Agreed on the Visio comparison.
We've run into similar issues with clusters and security groups that span subnets/availability zones. In the end we decided on the following approach to keep auto-lay-out alive and commonly requires manual changes to insatnce lay-outs to capture the right set of instances in the AZ/ASG/SG/etc (the semi-transparent node alternative does not survive an auto-lay-out):
> We merge subnets and AZs as a single group, like web-az-1 and web-az-2 and web-az-1/2 for clusters
> Then we place single instances in web-az-1 and web-az-2, with an auto-scaling group encompassing both subnets and security groups encompassing auto-scaling groups
> Clusters we could depict the same way, but usually we depict those in the combined az subnet group like emr-az-1/2 as most clusters do not have an ELB to pint to each instance in each AZ. Without an ELB the split across two subnet/AZ groups will force edges to the cluster to be duplicated.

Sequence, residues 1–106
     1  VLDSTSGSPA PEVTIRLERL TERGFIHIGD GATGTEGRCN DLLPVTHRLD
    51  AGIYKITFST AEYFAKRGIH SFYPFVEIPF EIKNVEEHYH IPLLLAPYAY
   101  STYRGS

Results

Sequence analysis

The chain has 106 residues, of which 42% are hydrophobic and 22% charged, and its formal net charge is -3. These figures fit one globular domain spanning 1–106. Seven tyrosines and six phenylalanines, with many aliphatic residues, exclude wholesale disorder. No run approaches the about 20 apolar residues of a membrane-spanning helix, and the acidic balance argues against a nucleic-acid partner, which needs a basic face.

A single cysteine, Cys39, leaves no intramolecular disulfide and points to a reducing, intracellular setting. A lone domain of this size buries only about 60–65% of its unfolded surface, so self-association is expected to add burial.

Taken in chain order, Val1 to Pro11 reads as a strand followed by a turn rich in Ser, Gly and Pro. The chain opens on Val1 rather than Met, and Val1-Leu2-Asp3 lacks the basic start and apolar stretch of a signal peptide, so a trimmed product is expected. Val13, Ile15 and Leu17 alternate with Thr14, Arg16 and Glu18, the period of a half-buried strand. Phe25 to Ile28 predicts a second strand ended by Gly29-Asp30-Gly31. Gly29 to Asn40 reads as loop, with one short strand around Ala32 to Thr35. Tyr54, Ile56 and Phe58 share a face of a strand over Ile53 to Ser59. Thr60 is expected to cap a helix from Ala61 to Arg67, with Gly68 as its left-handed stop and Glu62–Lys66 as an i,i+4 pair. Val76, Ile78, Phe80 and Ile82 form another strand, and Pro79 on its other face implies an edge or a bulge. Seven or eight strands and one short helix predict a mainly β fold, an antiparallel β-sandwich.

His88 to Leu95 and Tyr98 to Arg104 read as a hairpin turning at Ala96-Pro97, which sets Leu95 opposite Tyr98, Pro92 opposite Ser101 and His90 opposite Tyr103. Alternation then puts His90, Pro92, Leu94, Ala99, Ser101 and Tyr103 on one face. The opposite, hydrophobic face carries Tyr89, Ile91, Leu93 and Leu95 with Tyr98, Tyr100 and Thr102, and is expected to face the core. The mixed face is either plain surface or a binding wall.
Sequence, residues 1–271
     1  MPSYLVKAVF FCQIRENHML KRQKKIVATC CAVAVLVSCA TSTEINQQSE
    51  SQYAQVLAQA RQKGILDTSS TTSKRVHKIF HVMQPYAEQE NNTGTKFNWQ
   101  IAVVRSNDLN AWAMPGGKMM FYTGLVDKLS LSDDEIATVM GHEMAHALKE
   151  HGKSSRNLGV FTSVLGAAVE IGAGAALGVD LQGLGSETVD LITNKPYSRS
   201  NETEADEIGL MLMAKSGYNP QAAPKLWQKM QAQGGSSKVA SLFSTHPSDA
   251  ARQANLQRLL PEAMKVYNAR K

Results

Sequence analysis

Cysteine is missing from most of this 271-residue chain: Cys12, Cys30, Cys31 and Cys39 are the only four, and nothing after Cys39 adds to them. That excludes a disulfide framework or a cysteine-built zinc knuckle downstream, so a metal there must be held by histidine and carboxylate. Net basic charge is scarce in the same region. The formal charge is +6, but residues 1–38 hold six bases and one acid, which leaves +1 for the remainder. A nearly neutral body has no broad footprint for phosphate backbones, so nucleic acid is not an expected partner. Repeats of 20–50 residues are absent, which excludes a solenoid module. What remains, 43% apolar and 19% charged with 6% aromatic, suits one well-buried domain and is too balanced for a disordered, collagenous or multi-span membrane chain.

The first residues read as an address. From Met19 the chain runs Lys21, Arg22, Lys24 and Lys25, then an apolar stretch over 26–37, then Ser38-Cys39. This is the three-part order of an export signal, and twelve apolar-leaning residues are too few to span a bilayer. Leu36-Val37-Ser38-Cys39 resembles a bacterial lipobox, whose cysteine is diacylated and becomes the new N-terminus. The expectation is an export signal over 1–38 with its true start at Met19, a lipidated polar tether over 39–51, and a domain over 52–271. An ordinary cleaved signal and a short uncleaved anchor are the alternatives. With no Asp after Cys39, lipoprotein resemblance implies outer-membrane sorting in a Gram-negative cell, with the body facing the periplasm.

We then repeat the subnet/AZ group over and over again as necessary. I.e. multiple copies of the group within our diagram signifying the one single subnet/AZ combination in AWS.
You can of course choose any of the other groupings as your "redundant" version, but for us Subnet-AZ is the most stable one and the one with the least number of variations, thus the easiest to keep sane with redundancy.
Not ideal, but it keeps auto-formatting alive, which is why we use yEd in the first place.
Just started working towards extracting our AWS set-up using Python with boto3 and XLSXWriter to get it into yEd in a more automated manner. First goal VPC with Security Groups with their rules broken out as individual edges. Would love to know if you have anything going already. And we've been building out our palletes, maybe we can share? We're still trying to figure out how to best palletize groups (guess we'll have to start reading the manual soon :))